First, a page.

The Supreme Court ruled against an Indiana farmer who sought to cut the planting cost of his soybean crop by relying on subsequent generations of a patented Monsanto herbicide-resistant seed.
Farmers cannot by-pass the patent protection provided for genetically-altered seeds by producing a new generation of seeds with the same traits, the US Supreme Court ruled Monday.
In a unanimous decision, the high court sided with Monsanto Co. in a dispute with an Indiana farmer who sought to cut the planting cost of his soybean crop by relying on subsequent generations of Monsanto’s patented Roundup Ready soybean seed.
The company developed a genetically-altered strain of seed that is resistant to the herbicide glyphosate. Monsanto sells the new seed under a licensing agreement with farmers that permits its use to grow one crop for sale or consumption.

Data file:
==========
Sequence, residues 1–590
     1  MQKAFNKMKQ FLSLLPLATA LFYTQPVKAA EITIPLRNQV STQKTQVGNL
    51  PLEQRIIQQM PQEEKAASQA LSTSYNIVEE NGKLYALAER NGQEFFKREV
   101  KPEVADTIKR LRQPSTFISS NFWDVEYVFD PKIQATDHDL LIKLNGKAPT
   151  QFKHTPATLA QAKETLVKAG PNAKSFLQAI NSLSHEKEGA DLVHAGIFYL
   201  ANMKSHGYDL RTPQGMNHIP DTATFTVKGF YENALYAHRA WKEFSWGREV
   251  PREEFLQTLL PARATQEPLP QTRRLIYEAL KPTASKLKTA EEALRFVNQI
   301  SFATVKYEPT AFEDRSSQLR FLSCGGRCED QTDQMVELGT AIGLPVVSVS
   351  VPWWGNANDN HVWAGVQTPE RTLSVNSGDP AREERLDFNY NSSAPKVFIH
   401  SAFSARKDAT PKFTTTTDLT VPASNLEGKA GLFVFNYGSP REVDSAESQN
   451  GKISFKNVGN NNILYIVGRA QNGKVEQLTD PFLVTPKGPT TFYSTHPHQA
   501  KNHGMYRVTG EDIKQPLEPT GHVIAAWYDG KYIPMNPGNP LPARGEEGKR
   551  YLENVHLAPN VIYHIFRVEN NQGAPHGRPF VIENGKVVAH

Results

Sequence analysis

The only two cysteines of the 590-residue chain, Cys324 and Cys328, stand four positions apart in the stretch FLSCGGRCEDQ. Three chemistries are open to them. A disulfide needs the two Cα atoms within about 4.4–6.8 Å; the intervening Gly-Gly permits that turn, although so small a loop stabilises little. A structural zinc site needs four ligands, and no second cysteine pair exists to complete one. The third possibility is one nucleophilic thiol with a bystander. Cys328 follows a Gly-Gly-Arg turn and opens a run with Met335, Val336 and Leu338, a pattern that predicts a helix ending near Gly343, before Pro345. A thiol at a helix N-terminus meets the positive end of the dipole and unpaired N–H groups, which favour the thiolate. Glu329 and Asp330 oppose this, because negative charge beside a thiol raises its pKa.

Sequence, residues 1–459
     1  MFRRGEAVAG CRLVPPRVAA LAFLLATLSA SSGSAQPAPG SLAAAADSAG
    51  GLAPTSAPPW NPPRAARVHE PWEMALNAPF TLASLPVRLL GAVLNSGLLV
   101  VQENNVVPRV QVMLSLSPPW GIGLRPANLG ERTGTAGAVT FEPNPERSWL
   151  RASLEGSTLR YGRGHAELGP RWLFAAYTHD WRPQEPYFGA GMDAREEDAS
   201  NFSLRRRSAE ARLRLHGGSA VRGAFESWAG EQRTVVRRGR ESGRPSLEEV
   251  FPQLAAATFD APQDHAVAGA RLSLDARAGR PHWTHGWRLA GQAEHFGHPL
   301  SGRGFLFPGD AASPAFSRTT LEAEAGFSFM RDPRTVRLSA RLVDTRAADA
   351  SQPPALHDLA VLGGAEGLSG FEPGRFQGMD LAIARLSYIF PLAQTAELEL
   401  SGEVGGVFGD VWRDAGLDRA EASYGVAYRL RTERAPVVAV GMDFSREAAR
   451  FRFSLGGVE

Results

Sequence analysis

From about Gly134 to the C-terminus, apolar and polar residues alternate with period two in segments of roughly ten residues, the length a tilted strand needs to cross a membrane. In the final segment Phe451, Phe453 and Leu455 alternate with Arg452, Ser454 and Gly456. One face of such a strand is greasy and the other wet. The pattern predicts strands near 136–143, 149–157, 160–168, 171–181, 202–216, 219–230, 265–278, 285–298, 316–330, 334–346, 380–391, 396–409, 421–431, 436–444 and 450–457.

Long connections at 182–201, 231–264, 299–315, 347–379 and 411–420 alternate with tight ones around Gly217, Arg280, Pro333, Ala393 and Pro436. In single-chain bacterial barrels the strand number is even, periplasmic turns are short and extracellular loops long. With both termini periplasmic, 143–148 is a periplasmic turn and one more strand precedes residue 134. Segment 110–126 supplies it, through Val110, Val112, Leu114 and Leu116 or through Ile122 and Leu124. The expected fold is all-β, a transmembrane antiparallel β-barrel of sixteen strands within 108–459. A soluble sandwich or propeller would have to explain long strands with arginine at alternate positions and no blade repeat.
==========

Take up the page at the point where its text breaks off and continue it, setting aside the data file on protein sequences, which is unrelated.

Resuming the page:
The company explicitly bars farmers from using the resulting crop to seed future cultivation. The 20-year patent is designed to ensure that Monsanto reaps the rewards of its invention and innovation, and to provide an incentive for more innovation.
The farmer, Vernon Bowman, complied with the company’s licensing terms when planting and harvesting his first crop of the season. But rather than pay the higher price for Monsanto’s seed, Mr. Bowman purchased soybeans from a grain elevator and used them to seed his second crop of the season.
He assumed that most of the newly-purchased soybeans carried the genetic alteration that would render them resistant to the herbicide. After planting the seeds and applying the herbicide, the non-resistant plants died off, but most of the crop survived.
The farmer used this cost-saving technique for eight seasons – until Monsanto found out. The company sued for patent infringement.